“All philosophers make the common mistake of taking contemporary man as their starting point and of trying, through an analysis of him, to reach a conclusion. ‘Man’ involuntarily presents himself to them as an aeterna veritas as a passive element in every hurly-burly, as a fixed standard of things. Yet everything uttered by the philosopher on the subject of man is, in the last resort, nothing more than a piece of testimony concerning man during a very limited period of time. Lack of the historical sense is the traditional defect in all philosophers. Many innocently take man in his most childish state as fashioned through the influence of certain religious and even of certain political developments, as the permanent form under which man must be viewed. They will not learn that man has evolved, that the intellectual faculty itself is an evolution, whereas some philosophers make the whole cosmos out of this intellectual faculty. But everything essential in human evolution took place aeons ago, long before the four thousand years or so of which we know anything: during these man may not have changed very much. However, the philosopher ascribes ‘instinct’ to contemporary man and assumes that this is one of the unalterable facts regarding man himself, and hence affords a clue to the understanding of the universe in general. The whole teleology is so planned that man during the last four thousand years shall be spoken of as a being existing from all eternity, and with reference to whom everything in the cosmos from its very inception is naturally ordered. Yet everything evolved: there are no eternal facts as there are no absolute truths. Accordingly, historical philosophising is henceforth indispensable, and with it honesty of judgment.”
@Demon_Writer: I’d start a Platonic motorcycle club/gang called the Logoi, except for the not having a motorcycle thing. Or a gang.
@jgbell: And @LogoiMC in 3 … 2 … 1 …
@hermeticlibrary: My biker gang of dead white guys can beat up your biker gang of dead white guys.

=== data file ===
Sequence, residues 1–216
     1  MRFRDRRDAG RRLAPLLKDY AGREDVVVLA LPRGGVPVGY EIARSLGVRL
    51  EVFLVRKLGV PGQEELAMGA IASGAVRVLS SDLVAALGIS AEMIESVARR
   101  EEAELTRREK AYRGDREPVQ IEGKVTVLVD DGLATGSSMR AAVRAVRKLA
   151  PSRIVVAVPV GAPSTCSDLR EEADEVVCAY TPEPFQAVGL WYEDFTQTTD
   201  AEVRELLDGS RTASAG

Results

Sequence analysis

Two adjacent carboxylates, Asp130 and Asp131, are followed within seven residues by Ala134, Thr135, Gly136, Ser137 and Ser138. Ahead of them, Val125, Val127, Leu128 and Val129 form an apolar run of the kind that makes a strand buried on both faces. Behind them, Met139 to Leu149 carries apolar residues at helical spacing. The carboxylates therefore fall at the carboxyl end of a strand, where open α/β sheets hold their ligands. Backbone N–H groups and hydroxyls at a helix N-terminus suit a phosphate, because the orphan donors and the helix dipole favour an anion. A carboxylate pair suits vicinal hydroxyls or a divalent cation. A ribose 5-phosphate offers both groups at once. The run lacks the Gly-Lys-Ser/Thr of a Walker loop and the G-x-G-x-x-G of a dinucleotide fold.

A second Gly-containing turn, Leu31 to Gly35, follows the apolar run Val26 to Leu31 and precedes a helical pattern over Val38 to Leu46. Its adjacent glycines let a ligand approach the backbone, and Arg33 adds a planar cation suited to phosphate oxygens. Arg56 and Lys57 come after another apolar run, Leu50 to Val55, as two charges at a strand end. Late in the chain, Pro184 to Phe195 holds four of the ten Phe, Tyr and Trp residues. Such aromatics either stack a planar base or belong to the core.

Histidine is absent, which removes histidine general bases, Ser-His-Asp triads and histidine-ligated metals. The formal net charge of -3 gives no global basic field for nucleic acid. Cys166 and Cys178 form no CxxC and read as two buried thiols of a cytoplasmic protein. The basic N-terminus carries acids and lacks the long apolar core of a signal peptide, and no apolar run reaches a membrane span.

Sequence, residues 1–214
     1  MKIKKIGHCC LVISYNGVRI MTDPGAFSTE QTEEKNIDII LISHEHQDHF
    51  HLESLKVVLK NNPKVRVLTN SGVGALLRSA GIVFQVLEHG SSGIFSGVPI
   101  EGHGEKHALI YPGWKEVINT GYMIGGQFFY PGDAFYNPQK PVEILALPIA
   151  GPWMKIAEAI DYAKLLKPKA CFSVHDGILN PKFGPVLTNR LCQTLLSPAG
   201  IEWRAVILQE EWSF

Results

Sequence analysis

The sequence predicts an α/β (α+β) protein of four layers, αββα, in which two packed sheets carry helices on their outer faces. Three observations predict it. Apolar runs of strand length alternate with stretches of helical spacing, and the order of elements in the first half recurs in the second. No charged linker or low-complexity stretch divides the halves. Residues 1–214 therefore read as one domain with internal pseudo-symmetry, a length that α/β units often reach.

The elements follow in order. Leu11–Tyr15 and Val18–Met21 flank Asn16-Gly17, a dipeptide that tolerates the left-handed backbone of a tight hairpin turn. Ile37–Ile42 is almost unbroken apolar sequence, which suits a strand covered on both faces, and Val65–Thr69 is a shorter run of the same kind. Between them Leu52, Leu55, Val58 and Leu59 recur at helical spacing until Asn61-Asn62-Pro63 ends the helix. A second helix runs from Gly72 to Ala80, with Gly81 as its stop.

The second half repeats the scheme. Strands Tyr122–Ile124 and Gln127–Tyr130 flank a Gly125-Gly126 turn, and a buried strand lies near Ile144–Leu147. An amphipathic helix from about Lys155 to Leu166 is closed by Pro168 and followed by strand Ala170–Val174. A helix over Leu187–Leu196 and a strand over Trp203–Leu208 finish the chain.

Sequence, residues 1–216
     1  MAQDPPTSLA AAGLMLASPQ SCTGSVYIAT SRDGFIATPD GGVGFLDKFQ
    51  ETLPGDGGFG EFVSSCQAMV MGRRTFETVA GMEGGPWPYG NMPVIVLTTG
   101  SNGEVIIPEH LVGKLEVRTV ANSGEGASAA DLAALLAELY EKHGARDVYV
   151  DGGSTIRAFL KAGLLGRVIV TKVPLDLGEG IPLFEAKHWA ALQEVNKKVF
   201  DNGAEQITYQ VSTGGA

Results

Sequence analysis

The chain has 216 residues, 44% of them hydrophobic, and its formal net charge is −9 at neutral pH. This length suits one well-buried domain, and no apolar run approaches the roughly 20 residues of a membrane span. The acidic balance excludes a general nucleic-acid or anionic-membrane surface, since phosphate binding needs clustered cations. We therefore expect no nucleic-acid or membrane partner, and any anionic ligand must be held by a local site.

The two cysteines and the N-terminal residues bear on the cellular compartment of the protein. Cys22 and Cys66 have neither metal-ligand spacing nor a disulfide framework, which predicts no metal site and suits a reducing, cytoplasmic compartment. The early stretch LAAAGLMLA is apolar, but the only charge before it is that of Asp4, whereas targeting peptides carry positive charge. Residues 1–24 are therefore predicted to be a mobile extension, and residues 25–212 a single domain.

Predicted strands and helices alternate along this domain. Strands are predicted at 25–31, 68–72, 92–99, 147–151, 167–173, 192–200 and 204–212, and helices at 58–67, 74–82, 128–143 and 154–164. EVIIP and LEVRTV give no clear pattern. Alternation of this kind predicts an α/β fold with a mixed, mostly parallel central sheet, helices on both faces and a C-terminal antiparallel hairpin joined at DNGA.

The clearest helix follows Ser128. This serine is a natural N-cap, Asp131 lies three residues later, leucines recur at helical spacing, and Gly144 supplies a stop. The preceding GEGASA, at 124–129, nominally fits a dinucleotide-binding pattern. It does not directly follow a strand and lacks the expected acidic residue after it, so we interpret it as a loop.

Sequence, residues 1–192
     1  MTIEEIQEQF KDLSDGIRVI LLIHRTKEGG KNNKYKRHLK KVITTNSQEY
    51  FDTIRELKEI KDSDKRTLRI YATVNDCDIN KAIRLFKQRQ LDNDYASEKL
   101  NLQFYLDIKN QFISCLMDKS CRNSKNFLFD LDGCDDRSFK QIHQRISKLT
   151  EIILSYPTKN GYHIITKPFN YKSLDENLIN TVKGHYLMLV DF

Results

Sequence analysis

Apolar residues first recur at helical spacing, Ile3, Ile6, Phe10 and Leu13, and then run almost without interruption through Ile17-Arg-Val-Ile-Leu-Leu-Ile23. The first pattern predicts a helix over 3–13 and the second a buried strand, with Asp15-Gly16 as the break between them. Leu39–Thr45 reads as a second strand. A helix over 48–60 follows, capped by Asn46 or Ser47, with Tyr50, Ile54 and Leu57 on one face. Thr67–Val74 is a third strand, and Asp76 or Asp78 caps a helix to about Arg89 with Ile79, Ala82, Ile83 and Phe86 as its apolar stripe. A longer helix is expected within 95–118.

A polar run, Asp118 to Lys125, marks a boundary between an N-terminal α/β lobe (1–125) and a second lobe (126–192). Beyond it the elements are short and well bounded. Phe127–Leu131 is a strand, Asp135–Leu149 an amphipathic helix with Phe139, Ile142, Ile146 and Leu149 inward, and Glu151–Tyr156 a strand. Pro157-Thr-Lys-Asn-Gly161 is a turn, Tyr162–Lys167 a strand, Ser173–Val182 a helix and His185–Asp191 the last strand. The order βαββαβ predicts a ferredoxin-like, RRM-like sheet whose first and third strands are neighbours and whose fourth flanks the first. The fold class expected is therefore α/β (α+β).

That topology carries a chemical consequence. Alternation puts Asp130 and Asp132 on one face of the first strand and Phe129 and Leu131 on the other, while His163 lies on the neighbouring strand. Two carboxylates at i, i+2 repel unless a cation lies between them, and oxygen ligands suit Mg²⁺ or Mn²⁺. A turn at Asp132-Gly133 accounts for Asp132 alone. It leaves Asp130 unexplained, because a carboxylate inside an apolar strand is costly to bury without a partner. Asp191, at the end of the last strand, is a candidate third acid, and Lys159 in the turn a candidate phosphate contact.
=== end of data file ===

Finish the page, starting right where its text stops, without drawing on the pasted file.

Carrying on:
@Demon_Writer: Zombie philosophers gang war!
@hermeticlibrary: Now I just have to come up with my rival biker gang name …
I helped grab the twitter for @LogoiMC so no one would squat in before Jeffrey got around to it and turned that over this morning. (I really should have held it hostage for coup! I may be too nice to be the leader of my own gang.) But, now I’m in a pickle. Can’t let this go unanswered. Must represent!
So, what is the motorcycle gang for the Hermetic Library to be called? Shall it be the Pneumatikoi MC? Perhaps the Eleutheroi MC? Then again, what about a Liber OZ inspired Anthropoi MC? οί ελεύθεροι άνθρωποι? Or something else entirely?
And, does any one or more people want to take a run at creating a design for the gang’s colours and patches? I’d think seriously about putting Abraxas on a motorbike (on a penny-farthing?!) for this, but I fear it would look like cosplay for George A. Romero’s Knightriders … but, maybe that’s going so far as to come around the other side to being cool again.
I like the motto “My biker gang of dead white guys can beat up your biker gang of dead white guys.” But, I’ve also got stickers over in the swag shop with “This machine kills Old, Dead White Guys” which would be perfect for this also. No reason to settle on just one, of course.
I have the vaguest memory left over from being in The Orpheum, a specialty music shop, on the north end of Broadway atop Capitol Hill in Seattle, WA back in the 90s. One of the guys that worked there, and I think lived in the house behind the place, had on a leather jacket with a motorcycle club patch on it. I’m pretty sure it was for the Illuminati MC. Did they exist then? Anyhow, that patch immediately caught my eye. When I asked about it, the guy, who I only really knew because I was hanging out in the store regularly, asked if I wanted to join. I thought about it, asked if I’d actually need a motorbike which I didn’t have; and, reflecting on how I’d probably end up killing myself way too easily riding; I declined. I think about that moment every once in a while as a missed opportunity of epic proportions.